Connectivity Corridors

A biologic or ecologic corridor is a route or a strip of vegetation that allows for the flow (movement) of plants and/or animals from one region to another, favoring the permanence, connectivity and migration between patches of vegetation.

Therefore, an ecological corridor allows the exchange of genetic material between populations to maintain their genetic variability, in such a way that they can persist, thrive and develop. 

Connectivity Corridors Importance and Characteristics

Ecological corridors protect biodiversity, because they extend the conservation area; for example, rare and threatened species such as the spectacled bear, the highland tapir, and those that have a wide range of distribution such as the jaguar and puma, are favored by having a greater area for movement and basic needs (feeding, reproduction, ecological processes).

Furthermore, they help control flooding, sedimentation, provide clean water to the surrounding population, provide protection against agroforestry production, act as windbreaks for crops and livestock, control erosion and prevent desertification. Likewise, they promote recreation and ecotourism activities (Forman, 1995).

Ecological corridors promote efficiency regarding the movements of species from one place to another, especially when their habitats are interrupted by human activities.

They protect core areas of vegetation (that can be protected areas) and maintain ecological and evolutionary processes that are generated within an ecosystem (Forman, 1995).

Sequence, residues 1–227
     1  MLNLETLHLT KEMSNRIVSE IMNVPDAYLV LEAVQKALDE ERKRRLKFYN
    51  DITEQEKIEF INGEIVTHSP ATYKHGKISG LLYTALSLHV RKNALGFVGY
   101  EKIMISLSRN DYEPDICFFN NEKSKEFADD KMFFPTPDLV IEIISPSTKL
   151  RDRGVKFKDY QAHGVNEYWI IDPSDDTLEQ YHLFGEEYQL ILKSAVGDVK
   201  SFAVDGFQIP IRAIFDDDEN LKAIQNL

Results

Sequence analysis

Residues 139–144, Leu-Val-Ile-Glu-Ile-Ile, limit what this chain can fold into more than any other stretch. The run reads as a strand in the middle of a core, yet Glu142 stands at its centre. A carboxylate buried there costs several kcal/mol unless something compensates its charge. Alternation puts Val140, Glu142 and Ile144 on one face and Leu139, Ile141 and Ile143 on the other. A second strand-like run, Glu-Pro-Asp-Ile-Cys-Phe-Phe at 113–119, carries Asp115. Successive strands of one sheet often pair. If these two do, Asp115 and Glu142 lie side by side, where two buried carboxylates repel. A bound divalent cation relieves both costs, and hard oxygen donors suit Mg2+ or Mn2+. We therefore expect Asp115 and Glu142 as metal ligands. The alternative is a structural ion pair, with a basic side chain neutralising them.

Ecological Corridors and Protected Areas

The process of fragmentation of the natural scenery is generally produced by human activities such as colonization and extraction of natural resources, originating patches of vegetation among which there is little or no connectivity.

This process is known as “insularity” and reduces genetic variability of species, generating lessening of population or even their extinction. An ecological corridor connects habitats that have been isolated, permitting that their populations can move from one place to another to maintain their long term genetic variability.  

This process occurs when one or several protected areas become separated by barriers that are product of human activities, such as the building of roads, crops growing areas, settlements, hydroelectric projects, etc. The rivers and streams are not considered insurmountable barriers by some groups of animals (especially birds). In the case of rivers, if they are not very fast flowing, the natural barrier is not extremely dangerous so that an animal with good dispersion capacity, can venture and cross the river. Additionally, because of the vegetation characteristics near rivers, they are usually safe and can provide nourishment. Therefore, it is safer to cross a river than to cross a road or crops and pastures.